The state of the global economy notwithstanding, companies everywhere seem to be experiencing the some of the best growth seen in recent years. As the saying goes, however, mo’ money, mo’ problems. This couldn’t be truer when it comes to finding the best possible people to join your organization during the hockey-stick rise to prosperity.  In the past, this meant running an ad on an online job board, chatting to a few interesting candidates by phone, conducting a handful of interviews, and you were generally in good shape. Today, it means online job postings on multiple sites (often in multiple geographies) and potentially hundreds of resumes. Oh, and thanks to the recent belt-tightening, you’re now likely wearing more of those proverbial ‘hats’ in your organization – which means a lot less available time for sifting through resumes/CVs. Here are a few tools that can help you navigate that shiny hiring canoe of yours through glassier waters:

Write Great Job Postings

Like everyone else, I check out job postings now and again to see who’s hiring – jobs tend to be a pretty good barometer of what’s happening in the marketplace, and the ever-fluid tech sector in particular. I’m sure you likewise receive emails or calls from headhunters with the latest and greatest gig they think you’d be perfect for. I’ve got to say that in general, these guys are pretty good at what they do, and on the whole their descriptions of whatever job they’re plugging are fairly detailed and written well enough to capture my attention – at least for a moment or two anyway.

Now, contrasting this against the average job posting online (those you might find on sites like Indeed, CrunchBoard, or LinkedIn), I’m continually amazed at the lack of detail – and, quite frankly, good writing – in the average job posting. Little about the company and whether it’d be a fun, inspiring place to work, or a draconian bore-fest. Sparse details of the actual job duties. Run-of-the mill skills and experience lists. I mean, what caliber of candidates do companies expect to attract with such a mess of a posting? My point is this: when preparing your job posting, take your time. Put yourself in the shoes of that ideal person whom you want for the open positions. What schools should they have attended? Where should they have worked prior? If an engineer, should they actively contribute to coding forums or blog on their accomplishments? Should s/he have patents? If a business development or management position, whom should s/he know well/be close to? Are you looking for a thought leader or just a fantastic cold-caller? What competencies should they have that might indicate a top performer?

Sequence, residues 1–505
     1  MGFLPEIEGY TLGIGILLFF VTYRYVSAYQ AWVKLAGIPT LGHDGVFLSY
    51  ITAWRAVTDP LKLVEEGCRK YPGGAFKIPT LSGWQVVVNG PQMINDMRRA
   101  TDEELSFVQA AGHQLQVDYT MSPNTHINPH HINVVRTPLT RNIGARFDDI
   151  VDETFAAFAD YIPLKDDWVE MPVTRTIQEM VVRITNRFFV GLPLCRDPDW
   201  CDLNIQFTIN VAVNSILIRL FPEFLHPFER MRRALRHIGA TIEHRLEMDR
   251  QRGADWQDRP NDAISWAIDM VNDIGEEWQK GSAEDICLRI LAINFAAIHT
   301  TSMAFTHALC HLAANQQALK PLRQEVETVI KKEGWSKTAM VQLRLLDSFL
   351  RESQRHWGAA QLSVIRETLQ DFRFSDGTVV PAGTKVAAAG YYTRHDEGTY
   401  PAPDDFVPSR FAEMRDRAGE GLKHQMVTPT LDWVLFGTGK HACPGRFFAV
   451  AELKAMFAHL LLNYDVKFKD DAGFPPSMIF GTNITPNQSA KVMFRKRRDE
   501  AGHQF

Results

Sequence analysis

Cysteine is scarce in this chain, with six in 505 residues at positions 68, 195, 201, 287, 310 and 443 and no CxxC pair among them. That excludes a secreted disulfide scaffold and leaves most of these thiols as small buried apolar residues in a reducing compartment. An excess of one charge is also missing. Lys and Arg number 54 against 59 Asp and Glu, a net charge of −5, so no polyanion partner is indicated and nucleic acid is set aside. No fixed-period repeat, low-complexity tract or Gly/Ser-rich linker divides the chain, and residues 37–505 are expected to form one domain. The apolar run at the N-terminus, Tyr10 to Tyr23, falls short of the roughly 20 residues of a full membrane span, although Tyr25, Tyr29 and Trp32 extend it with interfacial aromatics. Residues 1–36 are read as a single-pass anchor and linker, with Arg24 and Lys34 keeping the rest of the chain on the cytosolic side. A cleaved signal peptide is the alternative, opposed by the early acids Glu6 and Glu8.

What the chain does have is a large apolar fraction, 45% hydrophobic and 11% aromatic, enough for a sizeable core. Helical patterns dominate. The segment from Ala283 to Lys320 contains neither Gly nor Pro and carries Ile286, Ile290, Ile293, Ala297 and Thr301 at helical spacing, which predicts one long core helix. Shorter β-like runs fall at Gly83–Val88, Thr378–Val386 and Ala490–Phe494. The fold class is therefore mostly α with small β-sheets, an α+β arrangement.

Also important is to be personal: Try to write the posting in a conversational style and be sure to include how great it is to be part of your company. People like working for fun companies. Spend an extra few minutes thinking about your posting and you’d be surprised at the high quality of responses you’ll receive as a result.

Use An Applicant Tracking System

Another surprising thing I find is the number of companies out there who apparently have only email as a means of receiving responses to job postings. Really? I get that loads of startups fit into this category, but what happens if you’re the next Zynga: your hot new product is taking off like a rocket and you’ve secured enough funding to scale. Now you need to hire – very quickly – perhaps 20 or so positions. Your postings are scattered about online and before you know it, you’ve got more than 500 resumes and cover letters to weed through, amidst your other 488 emails. Exactly: headache city.

The good news here is that there are several alternatives to email alone, whatever your organization size or budget. Applicant Tracking System/Talent Management Systems are readily available from The Resumator, Newton, Force.com apps (if using Salesforce), Taleo, Peopleclick Authoria, Kenexa…and as you can imagine, the list goes on. Most of these services are available – yes I’ll mention the dreaded word again this once – in the cloud, so no software or server to install. So spend a bit of time and investigate your options, but for goodness sake, move away from email-only. I repeat: Step away from the email. The great thing about just about any of these solutions is you can keep a database of job posting templates, publish/distribute to multiple job boards, screen incoming candidates, retain resumes for future consideration, and move candidates down the funnel to interview, offer letter, background check, and onboarding – all from a single environment. Look into it. You’ll thank me later.

Screening: Go Beyond The Resume